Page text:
Jan 2021


Photo by Jerónimo Bernot on Unsplash

Dear Launch community,

Today we celebrate Martin Luther King Jr. Day and honor Dr. King’s civil rights work.

It’s been more than 50 years since the assassination of Dr. King and the passage of the Civil Rights Act, and we’ve come a long way. But you only have to look at the attempted insurrection last week to acknowledge that we have more work to do. A mob of far-right extremists and white supremacists violently stormed the Capitol building, waved the Confederate flag, shouted racial and anti-Semitic slurs, and erected a gallows and noose – a disturbing reminder of the terrorization and lynching of Black people during Jim Crow.

We have a widespread cultural belief in this country that America is the land of equal opportunity, and that if you only work hard enough you’ll be successful. But it’s a sad truth that this idea of the United States as a bastion of equal opportunity for all is just a myth. There are clear racial disparities in education, income, home ownership, health outcomes, and the criminal justice system due to historical and systemic racism.

Our mission at Launch is to fight against racial inequity in education, close the opportunity gap, and expand access to learning programs for all children – particularly those who are furthest from educational justice, including children of color, low-income children, immigrants and refugees, English language learners, children receiving special education services, children experiencing homelessness, and children living in foster care. As educators, we have an important role to play in furthering Dr. King’s legacy and fighting white supremacy and racial injustice. Our role is not just to teach children their numbers and letters, but to also instill in them a sense of empathy, kindness, respect for diversity, and social justice ethics.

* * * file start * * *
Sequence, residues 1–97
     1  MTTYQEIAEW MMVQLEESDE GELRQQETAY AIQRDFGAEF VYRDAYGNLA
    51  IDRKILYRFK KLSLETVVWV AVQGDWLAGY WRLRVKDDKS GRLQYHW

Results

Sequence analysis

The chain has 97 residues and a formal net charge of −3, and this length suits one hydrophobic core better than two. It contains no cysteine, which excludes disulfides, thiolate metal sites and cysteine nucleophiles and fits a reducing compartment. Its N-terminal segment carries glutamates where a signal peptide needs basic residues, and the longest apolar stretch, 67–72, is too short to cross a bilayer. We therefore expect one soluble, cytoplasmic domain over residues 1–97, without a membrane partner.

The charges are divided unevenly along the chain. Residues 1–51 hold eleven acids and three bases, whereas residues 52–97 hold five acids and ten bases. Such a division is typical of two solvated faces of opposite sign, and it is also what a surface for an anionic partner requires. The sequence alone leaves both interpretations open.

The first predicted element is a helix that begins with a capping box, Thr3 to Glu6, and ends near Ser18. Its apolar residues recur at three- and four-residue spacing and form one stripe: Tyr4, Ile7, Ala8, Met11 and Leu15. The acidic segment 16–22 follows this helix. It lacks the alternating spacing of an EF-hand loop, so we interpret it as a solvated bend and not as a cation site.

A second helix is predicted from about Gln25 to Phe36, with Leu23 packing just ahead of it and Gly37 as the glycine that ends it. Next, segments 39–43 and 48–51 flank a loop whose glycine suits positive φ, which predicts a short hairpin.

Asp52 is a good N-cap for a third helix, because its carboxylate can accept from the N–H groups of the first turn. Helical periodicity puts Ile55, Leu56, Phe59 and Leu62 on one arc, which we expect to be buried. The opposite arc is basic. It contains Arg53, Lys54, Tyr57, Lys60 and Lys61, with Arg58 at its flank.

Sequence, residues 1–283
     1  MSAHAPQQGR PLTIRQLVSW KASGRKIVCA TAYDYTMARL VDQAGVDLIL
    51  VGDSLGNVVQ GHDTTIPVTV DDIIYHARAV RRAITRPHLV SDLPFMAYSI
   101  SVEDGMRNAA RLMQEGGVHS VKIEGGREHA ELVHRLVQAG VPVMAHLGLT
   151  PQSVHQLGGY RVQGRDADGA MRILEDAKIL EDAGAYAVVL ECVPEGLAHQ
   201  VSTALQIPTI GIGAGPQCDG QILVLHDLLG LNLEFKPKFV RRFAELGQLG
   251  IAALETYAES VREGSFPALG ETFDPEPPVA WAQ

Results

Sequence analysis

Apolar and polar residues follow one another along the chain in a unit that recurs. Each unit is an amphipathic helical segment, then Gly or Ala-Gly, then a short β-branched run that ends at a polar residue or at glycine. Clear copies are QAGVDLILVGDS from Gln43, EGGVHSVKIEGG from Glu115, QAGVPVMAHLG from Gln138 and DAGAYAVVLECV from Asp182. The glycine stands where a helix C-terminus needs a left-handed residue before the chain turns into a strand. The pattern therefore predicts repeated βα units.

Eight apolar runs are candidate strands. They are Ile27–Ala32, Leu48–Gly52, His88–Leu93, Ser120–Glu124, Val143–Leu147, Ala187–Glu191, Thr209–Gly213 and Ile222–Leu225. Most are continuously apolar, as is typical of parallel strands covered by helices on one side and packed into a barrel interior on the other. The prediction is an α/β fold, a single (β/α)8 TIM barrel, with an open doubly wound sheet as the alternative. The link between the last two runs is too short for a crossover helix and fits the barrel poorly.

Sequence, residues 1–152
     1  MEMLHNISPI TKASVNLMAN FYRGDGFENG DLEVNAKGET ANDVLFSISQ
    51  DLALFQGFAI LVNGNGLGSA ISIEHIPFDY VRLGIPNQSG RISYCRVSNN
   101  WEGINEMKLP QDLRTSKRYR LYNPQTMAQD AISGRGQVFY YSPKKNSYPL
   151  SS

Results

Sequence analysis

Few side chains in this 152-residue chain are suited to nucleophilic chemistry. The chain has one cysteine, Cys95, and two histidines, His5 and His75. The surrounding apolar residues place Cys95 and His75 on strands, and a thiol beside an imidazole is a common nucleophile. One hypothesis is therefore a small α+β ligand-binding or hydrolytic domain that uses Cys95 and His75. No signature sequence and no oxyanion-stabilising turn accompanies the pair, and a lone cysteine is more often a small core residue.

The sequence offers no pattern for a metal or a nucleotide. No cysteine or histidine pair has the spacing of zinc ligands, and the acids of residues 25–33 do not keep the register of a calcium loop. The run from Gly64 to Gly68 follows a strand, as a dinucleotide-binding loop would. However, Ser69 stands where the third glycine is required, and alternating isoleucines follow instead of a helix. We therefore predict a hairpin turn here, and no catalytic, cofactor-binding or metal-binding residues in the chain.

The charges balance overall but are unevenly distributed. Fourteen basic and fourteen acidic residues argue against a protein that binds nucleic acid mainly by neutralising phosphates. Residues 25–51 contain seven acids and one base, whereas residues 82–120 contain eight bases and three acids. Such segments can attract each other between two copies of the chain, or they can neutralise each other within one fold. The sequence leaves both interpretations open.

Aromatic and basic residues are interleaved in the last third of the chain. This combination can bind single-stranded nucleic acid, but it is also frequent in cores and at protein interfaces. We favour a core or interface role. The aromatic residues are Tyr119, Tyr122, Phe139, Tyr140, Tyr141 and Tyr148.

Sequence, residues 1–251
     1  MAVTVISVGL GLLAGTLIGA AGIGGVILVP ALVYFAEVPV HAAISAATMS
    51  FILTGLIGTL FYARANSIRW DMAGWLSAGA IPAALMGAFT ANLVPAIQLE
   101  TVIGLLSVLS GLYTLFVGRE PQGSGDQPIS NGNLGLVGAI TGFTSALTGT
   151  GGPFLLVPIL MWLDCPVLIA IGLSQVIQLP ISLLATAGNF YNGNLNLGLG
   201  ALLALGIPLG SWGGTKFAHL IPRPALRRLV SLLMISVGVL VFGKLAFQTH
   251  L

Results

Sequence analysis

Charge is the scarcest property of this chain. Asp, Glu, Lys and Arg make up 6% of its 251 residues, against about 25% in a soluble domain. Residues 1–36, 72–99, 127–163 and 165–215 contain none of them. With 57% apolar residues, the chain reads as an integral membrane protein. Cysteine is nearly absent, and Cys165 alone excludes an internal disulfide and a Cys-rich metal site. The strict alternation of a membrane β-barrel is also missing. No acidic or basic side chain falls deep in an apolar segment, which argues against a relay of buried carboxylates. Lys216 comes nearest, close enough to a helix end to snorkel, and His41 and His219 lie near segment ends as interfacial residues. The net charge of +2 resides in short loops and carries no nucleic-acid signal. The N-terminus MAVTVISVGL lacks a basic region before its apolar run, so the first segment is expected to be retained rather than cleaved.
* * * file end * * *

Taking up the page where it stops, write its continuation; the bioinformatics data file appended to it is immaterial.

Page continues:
As Dr. King said in The Purpose of Education,

“Education must also train one for quick, resolute and effective thinking. To think incisively and to think for one’s self is very difficult. We are prone to let our mental life become invaded by legions of half truths, prejudices, and propaganda. At this point, I often wonder whether or not education is fulfilling its purpose. A great majority of the so-called educated people do not think logically and scientifically. Even the press, the classroom, the platform, and the pulpit in many instances do not give us objective and unbiased truths. To save man from the morass of propaganda, in my opinion, is one of the chief aims of education. Education must enable one to sift and weigh evidence, to discern the true from the false, the real from the unreal, and the facts from the fiction.

The function of education, therefore, is to teach one to think intensively and to think critically. But education which stops with efficiency may prove the greatest menace to society. The most dangerous criminal may be the man gifted with reason, but with no morals.”

Part of honoring the legacy of Dr. King is taking sustained action to make our community a better, more equitable place and actively fighting racism and white supremacy. Launch is wholeheartedly committed to this work.

Over the past year we’ve done racial equity trainings with staff, expanded our tuition assistance program to support more families who otherwise wouldn’t have access to quality programs, prioritized enrolling children furthest from educational justice, and hired a contractor to provide translation and interpretation services for families who speak a non-English language. But as I said above, we have more work to do.

In the coming year, we’ll be deepening our racial equity work, including developing a formal racial equity framework and theory of change to drive our work, implementing the Black Lives Matter at School curriculum in our programs, evaluating/modifying our policies and practices to be more equitable, and taking a more active role in advocating for policies, laws, and funding that support racial justice.

We’ll share more about our racial equity journey in the coming months, along with opportunities for our community to partner with us in this work. I look forward to engaging with you throughout this process!

I also encourage you to attend one of the many local virtual events to honor Dr. King and take action towards racial justice in the coming days. Below are a few great opportunities:

Below are some resources for families on talking about Dr. King and civil rights with children:

In solidarity,

Angela Griffin

Executive Director